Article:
Tom Jolliffe looks at the world of Johnny Mnemonic, and its mid-90’s depiction of what 2021 might be like…
2020 has been a relentless hundred hand slap to the balls. Edge of Tomorrow predicted 2020 as an Earth besieged by aliens, one year after Blade Runner had offered up the prospect of replicants walking among us and off world colonies. 2015 was supposed to have hover boards. Perhaps in retrospect 2020 could have been worse. If a year was destined to be the one where aliens finally invaded, it was probably this one.
Things can only get better…right? In sci-fi cinema, futuristic visions have long been a staple. What better than to look at a Keanu Reeves opus with a view on a dystopian and grim future? No, not The Matrix. I’m talking about Johnny Mnemonic. There are internet memes doing the rounds about Mad Max being set in 2021, which isn’t true (that certainly would have felt distinctly prescient). So lets look at a film that threatened to derail Reeves as a box office plunderer, and was deemed a potential monkey in the wrench for The Matrix’s box office prospects. The combination of Reeves and sci-fi had been deemed damaged goods after Mnemonic’s failure critically and commercially. In fact, in a time where cyberpunk and VR themed movies were in vogue, Johnny Mnemonic almost rammed the Sci-fi genre choo-choo off the tracks entirely.
Was the film that bad? Time has seen the film become a little more appreciated. Probably not because it was underrated. It still has those very definitive foibles. The film ramps up the Cyberpunk elements, melding all those mid-90’s aesthetics with a clear and distinct creative mining from Blade Runner. Some time in the last 10 years, Cyberpunk and all the aesthetics became very popular. So on a visual standpoint, people now have a little more appreciation for some of the designs in Johnny Mnemonic. Additionally, an ironic view on certain things has seen re-appraisal on everything from Nic Cage overacting (in Vampires Kiss for example) to Chuck Norris. Lame (in the eyes of some) has become ironically good in more recent times. A certain niche audience seem to enjoy gonzo, more than perhaps they did in the 90’s (back to a kind of level they perhaps did in the 80’s). Johnny Mnemonic is most certainly gonzo, between the VR sequences, a maniacal cybernetically enhanced Street Preacher, a literal Ghost in the machine and a psychic dolphin called Jones.
Indeed, Reeves’ over the top performance which was initially viewed with derision, has been re-appraised as wildly entertaining (possibly not in a way he intended of course). His impassioned speech about missing the luxuries afforded to his position as a data courier (“I WANT room service!!!”) is brilliant. It’s not quite Nic Cage does the ABC’s, but it’s good. Throw in an oddball cast that includes Ice-T, Udo Kier, Henry Rollins, Beat Takashi and a barnstorming Dolph Lundgren (as aforementioned maniacal Street Preacher, who bellows choice lines like “Halt sinners!”) and you’ve got yourself a hearty cyberpunk gumbo. It’s mad, but if you go with it and embrace the badness, it’s a lot of fun.
Based upon William Gibson’s short story (he also wrote the screenplay), this 2021 sees Johnny (Reeves) as a courier who transports important data for clients, housed in his brain. He takes on a job requiring more hard drive brain space than he actually has, leaving him hours from death if he doesn’t get it out. Said data just so happens to be the potential cure to a plague that has lead to suffering among the population (I know…a bloody plague…). A group of freedom fighters battle with nefarious Yakuza and corporate money men in trying to extract the information from Johnny, with his head in the middle of the power struggle.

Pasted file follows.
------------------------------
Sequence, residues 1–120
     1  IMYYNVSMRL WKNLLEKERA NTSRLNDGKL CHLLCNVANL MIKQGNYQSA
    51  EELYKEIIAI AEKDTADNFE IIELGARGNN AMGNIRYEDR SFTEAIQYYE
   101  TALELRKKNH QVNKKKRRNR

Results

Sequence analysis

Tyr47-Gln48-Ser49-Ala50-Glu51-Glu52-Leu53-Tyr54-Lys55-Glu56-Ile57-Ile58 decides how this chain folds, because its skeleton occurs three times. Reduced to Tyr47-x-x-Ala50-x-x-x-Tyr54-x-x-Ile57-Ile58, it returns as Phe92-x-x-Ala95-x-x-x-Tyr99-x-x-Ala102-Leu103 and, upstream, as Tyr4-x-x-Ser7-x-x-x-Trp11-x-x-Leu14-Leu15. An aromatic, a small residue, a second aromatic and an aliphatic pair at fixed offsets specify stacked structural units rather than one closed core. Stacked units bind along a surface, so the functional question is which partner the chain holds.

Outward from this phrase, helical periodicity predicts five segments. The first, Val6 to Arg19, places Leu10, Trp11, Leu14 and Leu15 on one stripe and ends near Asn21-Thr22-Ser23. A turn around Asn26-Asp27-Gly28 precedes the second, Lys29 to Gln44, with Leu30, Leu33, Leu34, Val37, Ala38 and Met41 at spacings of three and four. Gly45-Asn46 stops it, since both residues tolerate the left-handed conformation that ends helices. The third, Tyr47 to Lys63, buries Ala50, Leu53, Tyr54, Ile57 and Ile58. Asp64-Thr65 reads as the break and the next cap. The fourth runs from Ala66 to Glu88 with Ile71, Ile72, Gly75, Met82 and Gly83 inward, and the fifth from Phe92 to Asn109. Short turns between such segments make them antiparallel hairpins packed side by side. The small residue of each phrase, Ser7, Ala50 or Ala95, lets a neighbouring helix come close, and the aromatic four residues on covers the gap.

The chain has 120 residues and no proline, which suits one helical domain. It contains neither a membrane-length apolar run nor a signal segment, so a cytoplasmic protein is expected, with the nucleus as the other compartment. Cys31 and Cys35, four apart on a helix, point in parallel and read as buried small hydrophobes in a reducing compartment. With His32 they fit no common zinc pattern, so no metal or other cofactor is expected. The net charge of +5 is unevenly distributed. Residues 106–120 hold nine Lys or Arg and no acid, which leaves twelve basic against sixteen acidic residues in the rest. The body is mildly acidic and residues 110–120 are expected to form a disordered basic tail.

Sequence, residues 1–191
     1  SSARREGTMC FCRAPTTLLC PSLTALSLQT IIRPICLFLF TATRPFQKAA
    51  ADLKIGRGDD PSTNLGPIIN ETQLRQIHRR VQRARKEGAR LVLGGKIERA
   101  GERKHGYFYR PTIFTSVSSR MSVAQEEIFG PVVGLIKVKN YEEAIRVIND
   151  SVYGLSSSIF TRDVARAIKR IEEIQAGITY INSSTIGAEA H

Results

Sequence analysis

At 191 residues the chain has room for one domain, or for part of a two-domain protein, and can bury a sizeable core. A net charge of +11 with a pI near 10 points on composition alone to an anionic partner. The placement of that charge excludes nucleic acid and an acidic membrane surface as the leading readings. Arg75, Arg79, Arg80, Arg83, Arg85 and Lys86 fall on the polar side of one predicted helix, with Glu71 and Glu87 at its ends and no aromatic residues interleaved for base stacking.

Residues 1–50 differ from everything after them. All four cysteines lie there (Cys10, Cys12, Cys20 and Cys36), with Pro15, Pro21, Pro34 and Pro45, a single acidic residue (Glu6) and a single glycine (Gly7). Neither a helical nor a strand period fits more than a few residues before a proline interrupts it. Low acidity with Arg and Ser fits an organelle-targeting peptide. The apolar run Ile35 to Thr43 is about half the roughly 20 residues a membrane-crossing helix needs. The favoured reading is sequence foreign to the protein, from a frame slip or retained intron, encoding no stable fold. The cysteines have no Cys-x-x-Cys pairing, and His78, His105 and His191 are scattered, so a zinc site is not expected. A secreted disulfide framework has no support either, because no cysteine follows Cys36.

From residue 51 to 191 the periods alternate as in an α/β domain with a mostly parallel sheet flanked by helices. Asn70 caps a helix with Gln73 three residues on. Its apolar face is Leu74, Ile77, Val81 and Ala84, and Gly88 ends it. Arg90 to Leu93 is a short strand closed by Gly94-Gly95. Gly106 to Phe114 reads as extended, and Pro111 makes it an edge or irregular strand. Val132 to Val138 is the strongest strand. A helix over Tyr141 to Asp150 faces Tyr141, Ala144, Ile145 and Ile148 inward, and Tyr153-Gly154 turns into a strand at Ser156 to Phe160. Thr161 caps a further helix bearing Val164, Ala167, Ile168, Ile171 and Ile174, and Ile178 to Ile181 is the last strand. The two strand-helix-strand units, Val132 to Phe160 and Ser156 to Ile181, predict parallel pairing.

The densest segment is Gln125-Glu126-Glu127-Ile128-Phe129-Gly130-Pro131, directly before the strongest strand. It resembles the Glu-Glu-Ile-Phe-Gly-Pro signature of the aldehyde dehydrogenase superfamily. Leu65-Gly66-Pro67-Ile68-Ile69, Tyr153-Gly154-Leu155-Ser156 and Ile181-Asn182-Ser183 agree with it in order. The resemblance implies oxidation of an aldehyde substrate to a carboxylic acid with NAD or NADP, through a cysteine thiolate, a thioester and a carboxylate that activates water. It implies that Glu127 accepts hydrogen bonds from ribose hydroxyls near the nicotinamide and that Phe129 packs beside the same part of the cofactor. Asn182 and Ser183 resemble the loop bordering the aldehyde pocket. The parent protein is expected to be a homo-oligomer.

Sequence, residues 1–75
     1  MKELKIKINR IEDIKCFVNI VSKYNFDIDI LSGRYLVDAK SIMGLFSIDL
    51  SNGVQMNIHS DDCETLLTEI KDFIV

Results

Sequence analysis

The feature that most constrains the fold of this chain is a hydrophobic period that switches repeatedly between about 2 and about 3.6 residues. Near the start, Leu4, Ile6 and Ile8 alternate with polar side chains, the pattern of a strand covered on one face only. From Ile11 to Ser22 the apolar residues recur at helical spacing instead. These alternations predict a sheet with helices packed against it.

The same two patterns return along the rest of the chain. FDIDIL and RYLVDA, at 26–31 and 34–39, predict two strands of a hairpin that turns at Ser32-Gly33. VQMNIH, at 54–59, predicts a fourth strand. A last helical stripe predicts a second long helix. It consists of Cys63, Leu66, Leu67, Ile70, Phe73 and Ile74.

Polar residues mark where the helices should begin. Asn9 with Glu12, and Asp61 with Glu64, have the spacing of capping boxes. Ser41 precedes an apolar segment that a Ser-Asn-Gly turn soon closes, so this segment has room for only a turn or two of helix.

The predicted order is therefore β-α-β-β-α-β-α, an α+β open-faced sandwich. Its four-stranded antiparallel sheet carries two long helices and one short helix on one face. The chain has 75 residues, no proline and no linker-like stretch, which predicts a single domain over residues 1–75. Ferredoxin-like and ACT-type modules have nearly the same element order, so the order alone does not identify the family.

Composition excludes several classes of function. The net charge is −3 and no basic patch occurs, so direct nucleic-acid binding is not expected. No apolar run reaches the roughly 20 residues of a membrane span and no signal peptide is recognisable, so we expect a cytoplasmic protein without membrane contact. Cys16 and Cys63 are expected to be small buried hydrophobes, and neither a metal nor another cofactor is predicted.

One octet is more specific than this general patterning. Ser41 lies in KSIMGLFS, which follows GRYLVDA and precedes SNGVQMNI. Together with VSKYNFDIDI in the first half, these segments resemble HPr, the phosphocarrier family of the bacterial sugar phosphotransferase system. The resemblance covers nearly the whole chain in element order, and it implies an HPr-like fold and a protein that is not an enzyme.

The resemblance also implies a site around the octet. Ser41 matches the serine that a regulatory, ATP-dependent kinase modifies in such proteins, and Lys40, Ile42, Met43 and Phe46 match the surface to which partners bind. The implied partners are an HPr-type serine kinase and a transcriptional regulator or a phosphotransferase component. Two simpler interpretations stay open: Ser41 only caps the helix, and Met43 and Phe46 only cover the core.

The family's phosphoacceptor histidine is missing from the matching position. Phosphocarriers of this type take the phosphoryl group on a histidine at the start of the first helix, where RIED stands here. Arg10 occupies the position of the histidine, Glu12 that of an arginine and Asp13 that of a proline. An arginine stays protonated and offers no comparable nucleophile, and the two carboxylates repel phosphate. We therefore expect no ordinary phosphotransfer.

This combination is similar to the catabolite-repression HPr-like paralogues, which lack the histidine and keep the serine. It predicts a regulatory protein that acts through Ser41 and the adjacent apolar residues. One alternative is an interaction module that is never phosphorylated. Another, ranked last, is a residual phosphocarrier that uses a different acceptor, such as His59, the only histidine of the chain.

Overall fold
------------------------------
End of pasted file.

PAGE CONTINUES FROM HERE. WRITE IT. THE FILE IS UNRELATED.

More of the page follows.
Aside from this social decimator, it’s a world of virtual information and avatars. Mnemonic even has a couple of segments with deep-fakery being used that notch a success for the prediction pile. So the idea of virtually surfing the internet looks ludicrously elaborate in this, and the vector polygon animations are clunky now that we’ve caught up with the film’s setting. However, this film, in the very birth of the internet, also dealt with the power of hackers, the transfer of information and symbiosis of technology and flesh that seems to be edging closer. Likewise genetic and cybernetic enhancement has stepped forward a lot since 1995, something which Mnemonic also readily predicts, and body modification too. Okay, it wasn’t the first to predict many of these things, and certainly owes much to other literature (indeed also some of Gibson’s other works) and movies (not least Blade Runner), but the film wasn’t too far wide of the mark in principal here. Between an epidemic and war of information, time is about to catch up with Johnny Mnemonic, and it is surprisingly prescient.
What are your thoughts on Johnny Mnemonic? Should we worry about psychic Dolphins? Let us know on our social channels @flickeringmyth or hit me up on Instagram…
Tom Jolliffe is an award winning screenwriter and passionate cinephile. He has a number of films out on DVD/VOD around the world and several releases due out in 2021, including, Renegades (Lee Majors, Danny Trejo, Michael Pare, Tiny Lister, Ian Ogilvy and Billy Murray), Crackdown, When Darkness Falls and War of The Worlds: The Attack (Vincent Regan). Find more info at the best personal site you’ll ever see here.